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Bitten off more than I can chew ??

By Bubsa ·
I have been a SQL DBA for about 4 years now not a very advanced one as we did not use stored procedures, database mirroring or any fancy stuff but good enough to get my job done for my role within the company. I was made redundant did nowt for a few months but have fallen into a new job as an IT Manager ...... now heres the tricky bit I am being employed to help update a old visual basic application that runs on a access database to new improved system to be written using visual studio 2008 and a sql2008 database. Even though I have NO programing experience, the old application does not look that complicated and with not many tables. The new application has to be web based.

My Employer knows that I have never used Visual Studio 2008. Though he would like to see the application ready in about four months. I have purchased a book from Amazon and have some CBT training DVDs also a developer started this project but left the company so I have some stuff to look at after I understand it first. I am quite good at reading from books and passing exams (Passed A+, Network+, I-Net+ and a few MCPs) all from reading without to much pratical exposure.

But Have I bitten off more than I can chew of is 4 months enough time to learn and develop a stock & quote system ? Any Tips ?

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Possibly, there's a lot to learn

by Tony Hopkinson In reply to Bitten off more than I ca ...

Securing it for instance, using parameterised queries to evade sql injection attacks. https for secure sign on.
How rich you make it...

Start simple, get the 'home' page and login going. Figure out teh site structure, and set up the pages and the state variables you need to drive them from ach other.
LoginToken, user name.

Have a look at some similer apps on the interweb, see waht works waht doesn't then a lot og=f googling for how to and best practice.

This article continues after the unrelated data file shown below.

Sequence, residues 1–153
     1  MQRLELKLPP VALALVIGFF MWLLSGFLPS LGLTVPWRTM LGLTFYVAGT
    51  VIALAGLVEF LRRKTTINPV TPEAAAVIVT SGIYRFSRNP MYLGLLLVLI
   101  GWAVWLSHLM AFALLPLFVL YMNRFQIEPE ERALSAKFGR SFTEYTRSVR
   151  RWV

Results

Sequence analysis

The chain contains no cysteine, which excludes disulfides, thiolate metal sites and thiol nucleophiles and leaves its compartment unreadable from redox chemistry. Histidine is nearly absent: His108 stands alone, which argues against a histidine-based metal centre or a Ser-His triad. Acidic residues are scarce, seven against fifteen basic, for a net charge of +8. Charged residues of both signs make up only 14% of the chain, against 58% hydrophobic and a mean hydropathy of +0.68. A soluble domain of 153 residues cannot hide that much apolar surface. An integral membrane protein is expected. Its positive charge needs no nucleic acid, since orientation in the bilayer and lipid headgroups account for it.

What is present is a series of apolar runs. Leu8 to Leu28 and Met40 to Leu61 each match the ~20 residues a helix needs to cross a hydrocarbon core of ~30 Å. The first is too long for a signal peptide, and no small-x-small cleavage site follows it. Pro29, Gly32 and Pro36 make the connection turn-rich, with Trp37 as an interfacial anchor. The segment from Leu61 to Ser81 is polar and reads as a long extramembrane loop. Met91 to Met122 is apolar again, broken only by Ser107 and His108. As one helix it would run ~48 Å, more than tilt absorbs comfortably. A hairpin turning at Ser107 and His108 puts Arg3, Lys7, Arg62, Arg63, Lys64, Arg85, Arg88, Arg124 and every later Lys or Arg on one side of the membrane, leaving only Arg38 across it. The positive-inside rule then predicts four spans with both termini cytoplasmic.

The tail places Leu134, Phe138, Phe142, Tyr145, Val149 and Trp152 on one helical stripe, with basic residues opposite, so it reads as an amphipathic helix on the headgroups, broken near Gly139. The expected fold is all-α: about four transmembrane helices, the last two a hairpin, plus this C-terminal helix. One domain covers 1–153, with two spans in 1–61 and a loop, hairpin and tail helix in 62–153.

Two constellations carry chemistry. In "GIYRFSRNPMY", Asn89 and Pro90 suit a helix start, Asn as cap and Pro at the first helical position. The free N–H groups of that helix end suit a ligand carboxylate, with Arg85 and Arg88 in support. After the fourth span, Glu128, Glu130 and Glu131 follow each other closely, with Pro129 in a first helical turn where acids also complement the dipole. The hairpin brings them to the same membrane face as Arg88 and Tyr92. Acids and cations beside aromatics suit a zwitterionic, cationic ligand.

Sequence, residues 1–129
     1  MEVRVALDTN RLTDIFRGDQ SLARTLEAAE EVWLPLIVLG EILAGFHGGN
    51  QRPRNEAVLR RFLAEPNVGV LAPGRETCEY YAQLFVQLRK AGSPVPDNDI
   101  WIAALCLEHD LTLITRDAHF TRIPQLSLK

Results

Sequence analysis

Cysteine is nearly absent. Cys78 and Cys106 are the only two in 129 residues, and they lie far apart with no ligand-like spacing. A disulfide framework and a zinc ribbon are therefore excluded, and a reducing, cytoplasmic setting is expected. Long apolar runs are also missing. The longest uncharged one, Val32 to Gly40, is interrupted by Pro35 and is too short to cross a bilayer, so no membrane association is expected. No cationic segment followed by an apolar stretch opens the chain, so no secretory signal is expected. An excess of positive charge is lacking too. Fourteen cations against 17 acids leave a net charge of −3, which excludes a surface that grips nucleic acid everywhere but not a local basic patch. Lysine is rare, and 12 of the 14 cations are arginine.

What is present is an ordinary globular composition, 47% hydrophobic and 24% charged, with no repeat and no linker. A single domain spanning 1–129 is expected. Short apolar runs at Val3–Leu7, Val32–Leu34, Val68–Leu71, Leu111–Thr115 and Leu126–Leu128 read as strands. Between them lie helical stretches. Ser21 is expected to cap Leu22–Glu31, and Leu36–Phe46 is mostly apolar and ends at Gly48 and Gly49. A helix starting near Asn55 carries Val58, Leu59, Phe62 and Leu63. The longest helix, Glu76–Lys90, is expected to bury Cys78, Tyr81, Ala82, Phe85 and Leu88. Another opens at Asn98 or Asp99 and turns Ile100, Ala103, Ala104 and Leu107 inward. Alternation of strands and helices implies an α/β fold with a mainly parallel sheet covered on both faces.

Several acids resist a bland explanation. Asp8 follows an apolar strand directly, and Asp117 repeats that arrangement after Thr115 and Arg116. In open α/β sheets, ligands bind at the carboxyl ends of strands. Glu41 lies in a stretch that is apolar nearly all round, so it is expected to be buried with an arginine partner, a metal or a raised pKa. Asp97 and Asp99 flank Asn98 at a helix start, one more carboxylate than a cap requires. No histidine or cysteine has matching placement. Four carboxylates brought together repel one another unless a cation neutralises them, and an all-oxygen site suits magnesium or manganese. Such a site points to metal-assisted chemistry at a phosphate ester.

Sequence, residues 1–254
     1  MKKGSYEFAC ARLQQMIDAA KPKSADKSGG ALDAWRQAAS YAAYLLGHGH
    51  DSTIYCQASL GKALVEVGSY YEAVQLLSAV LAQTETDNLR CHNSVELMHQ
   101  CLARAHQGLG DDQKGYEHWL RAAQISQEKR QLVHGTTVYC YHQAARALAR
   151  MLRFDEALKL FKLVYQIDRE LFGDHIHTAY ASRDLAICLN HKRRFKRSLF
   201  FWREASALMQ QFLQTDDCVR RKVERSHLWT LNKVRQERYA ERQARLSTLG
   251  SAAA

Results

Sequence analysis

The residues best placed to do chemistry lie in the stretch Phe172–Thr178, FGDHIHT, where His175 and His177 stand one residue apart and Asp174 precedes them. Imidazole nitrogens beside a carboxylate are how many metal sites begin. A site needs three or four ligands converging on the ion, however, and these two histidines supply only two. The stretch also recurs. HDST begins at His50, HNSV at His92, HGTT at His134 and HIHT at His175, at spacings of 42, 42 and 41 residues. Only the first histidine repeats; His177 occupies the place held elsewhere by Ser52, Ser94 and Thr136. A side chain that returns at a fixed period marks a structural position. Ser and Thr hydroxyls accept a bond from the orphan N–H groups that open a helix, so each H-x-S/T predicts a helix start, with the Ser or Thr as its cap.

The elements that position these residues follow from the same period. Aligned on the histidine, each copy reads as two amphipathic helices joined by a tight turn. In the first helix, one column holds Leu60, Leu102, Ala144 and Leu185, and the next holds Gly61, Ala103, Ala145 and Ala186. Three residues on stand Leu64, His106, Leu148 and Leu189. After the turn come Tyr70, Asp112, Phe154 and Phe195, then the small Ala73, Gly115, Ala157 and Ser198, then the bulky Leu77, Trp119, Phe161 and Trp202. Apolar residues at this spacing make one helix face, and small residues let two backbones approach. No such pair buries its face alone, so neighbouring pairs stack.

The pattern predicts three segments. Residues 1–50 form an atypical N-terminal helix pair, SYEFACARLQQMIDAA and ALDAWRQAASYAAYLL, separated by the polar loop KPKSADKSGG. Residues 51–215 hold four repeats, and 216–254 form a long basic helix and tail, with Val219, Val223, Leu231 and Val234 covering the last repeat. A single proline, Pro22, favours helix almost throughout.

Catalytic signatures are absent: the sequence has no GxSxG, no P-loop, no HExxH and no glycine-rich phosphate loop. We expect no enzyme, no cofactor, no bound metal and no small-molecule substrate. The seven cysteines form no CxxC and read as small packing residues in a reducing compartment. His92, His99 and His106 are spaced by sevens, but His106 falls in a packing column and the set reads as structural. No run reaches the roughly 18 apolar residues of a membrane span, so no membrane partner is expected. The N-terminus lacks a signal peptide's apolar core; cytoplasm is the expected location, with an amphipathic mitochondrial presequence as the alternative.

The trick is to have something useful to show, whatvere you do they will probably want to change it anyway, so make it modular.

Best of luck.

Onec you know enough ask ome specific questions, there are plent of people on here who'll have an opinion worth noting.

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It'll be a Steep Learning Curve

by OxonDev In reply to Bitten off more than I ca ...

...even if your employer expects you just to replicate the old application in a web environment. If your employer wants a mission critical application, you don't consider yourself a developer, and you can walk away from this, I would pass the buck toute suite.

Having said that, if the legacy app is truly simple, quick and dirty is good enough, and you've some free time... As Tony said, start simple. Work out what your data entities are, the legacy aplication processes, and see if you can find examples that model them. Some sort of work flow will help you ask others "how do you do this".

Good Luck.

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If you're prepared to learn...

by SwissJon In reply to Bitten off more than I ca ... can do anything.. My concern is that during your time in the past 4 years, you didn't bother to poke around and learn more about what you were working with. This kinda suggests that you aren't particularly interested, but that's your problem, if you can find your interest, the rest should be fairly simple..

Access has an upsizer that will push the tables, views and data out to SQL for you, reasonably easy to do so long as there's no data corruption.. Believe me, if it's an access database that's just grown without anybody keeping an eye on things, 4 months might not be enough, even for an experienced developer.. ASP.NET is reasonably easy to get your head round for developing the fron end.. But there's a lot to learn..

Suggest you go on an SQL course.. Use that knowledge to push the data to SQL. Link the tables in Access, let the users trial that for a week while you go on an ASP.NET course, and then start to develop the front end. Only before you start, talk to the users and find out what they don't like, and try to program that out while you're at it.. Experience suggests that if you just try to replicate what people were seeing, they'll find fault when it's not EXACTLY the same, however, if you get rid of some of their gripes, they'll be more forgiving.

And don't try to learn until you've got your head round SQL.. You need to know how to extract the data before you learn how to present it

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